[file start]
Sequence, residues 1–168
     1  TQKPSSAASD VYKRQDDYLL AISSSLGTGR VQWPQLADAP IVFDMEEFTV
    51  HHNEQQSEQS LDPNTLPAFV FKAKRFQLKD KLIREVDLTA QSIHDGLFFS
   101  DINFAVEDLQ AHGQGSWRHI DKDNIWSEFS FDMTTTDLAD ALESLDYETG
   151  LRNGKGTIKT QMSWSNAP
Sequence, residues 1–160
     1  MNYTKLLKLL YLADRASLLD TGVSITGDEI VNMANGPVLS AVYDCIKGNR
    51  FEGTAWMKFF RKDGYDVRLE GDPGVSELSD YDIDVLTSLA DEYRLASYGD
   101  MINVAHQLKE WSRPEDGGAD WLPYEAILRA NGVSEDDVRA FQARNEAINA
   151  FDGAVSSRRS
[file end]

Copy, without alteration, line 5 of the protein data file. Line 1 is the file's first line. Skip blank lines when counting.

   151  LRNGKGTIKT QMSWSNAP